Thank you for your reading and interest in the news London's Chinatown defiant amid coronavirus despite plummeting revenue and now with details
Hind Al Soulia - Riyadh - London’s Chinatown should be packed on an early Thursday evening, with its central location in the British capital and proximity to the West End, where some of the world’s most famous plays and musicals take place.
Tourists are congregated around the famous Chinatown Gate are notably thinner in number. The tile roofed structure is adorned with Mandarin script and intricately drawn dragons and was built in China to resemble a building from the Qing dynasty.
On the narrow streets branching off from the gate, the numbers of strollers are down drastically. Most seem to be walking through the area, rather than stopping at the array of restaurants and shops that have formed the historical heart of London’s Chinese community.
The smells are just as strong from the whole animals roasting the grills in an effort to entice customers. It’s unclear if the tactic is working. Inside, most restaurants are half full at a time when they would expect to be busy. And they are the lucky ones.
Others are completely empty, save for the smiling service staff standing smiling outside in the hope that someone will come in.
According to David Tang, vice-chairman of the London Chinatown Chinese Association, about 50 per cent of business has been “wiped out” since the coronavirus outbreak. He fears the virus could destroy the area's business and leave long-term, irreversibly damage if it is not contained.
“Normally it’s quite busy especially on a Friday and Saturday night. People normally sit by the window but if you look closer, beyond the windows you can see lots of seats are empty,” he told The National.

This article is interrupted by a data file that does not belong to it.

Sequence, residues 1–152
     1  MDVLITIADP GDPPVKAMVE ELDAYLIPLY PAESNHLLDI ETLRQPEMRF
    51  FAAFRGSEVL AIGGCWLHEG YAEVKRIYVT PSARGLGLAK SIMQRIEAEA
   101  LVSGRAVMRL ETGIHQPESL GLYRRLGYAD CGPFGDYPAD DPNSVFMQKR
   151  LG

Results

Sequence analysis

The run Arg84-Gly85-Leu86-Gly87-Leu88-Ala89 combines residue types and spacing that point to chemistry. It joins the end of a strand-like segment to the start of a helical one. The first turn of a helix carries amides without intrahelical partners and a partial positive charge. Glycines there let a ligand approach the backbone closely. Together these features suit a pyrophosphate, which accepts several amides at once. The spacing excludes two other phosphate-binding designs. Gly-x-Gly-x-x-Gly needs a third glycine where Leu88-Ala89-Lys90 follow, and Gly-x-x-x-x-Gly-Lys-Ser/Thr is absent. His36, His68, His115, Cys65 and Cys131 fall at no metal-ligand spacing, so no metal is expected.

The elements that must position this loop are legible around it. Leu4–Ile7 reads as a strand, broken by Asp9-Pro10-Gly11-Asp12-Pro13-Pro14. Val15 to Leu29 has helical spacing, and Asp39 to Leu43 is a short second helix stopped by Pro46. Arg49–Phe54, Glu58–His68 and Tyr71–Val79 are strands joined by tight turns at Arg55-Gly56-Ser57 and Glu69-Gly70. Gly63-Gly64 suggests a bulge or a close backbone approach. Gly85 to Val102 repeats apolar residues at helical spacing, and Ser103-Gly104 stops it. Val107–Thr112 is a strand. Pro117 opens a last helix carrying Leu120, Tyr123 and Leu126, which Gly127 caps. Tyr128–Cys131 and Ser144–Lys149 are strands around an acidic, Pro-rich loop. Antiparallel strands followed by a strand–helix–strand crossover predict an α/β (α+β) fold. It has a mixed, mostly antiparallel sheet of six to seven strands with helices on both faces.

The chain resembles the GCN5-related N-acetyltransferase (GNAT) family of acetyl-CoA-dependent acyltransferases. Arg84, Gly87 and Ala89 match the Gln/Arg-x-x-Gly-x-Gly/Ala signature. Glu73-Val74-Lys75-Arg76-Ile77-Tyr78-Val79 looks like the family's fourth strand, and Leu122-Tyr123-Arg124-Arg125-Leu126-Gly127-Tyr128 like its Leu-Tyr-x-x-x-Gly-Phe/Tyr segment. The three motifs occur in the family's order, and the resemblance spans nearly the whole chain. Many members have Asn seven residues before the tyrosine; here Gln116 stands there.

“It all depends on the virus, it depends on how long will it go on for. If it’s going to be eradicated shortly, hopefully life will be back to normal but if you are talking about it going on for a few more months then, not only Chinatown will be affected, I think the whole world will be affected.”
“It’s not like buying you don’t like today you may buy next week. If you don’t eat today, the business loses. People don’t have to come to eat in Chinatown because they can at home,” he added.
Mr Tang says he has particularly noticed a fall in the visitors from mainland China.
But what also concerns Mr Tang, a lawyer, is the incorrect perceptions of London’s Chinatown and its population.
“A lot of people thought that by coming to Chinatown they will have more chance to catch the virus, which is not correct because nothing happened in Chinatown. The fears are based on unfounded fear really,” he told The National.
“You’ve got what 13 cases (the number is actually 15) here and only about three of them are Chinese. I think Chinatown is quite safe, most safe place so far! I mean I work in Chinatown, I’ve spent 50 per cent of my life in Chinatown. We don’t wear a mask, I don’t feel the need or my staff. In fact we feel it’s quite safe here.”
People with a Chinese background have also reported being abused as xenophobia takes root when some look for people to blame.
“You hear things from here and there but nothing really in Chinatown as far as threats are concerned. But of course, you hear about especially in the schools, young children sometimes say things,” he said.
With conspiracy theorists running wild over coronavirus and incorrect claims easily spread, Mr Tang’s view is clear: “My message is that it’s safe to come to Chinatown. There’s nothing wrong with Chinatown.”
Updated: February 29, 2020 09:34 AM
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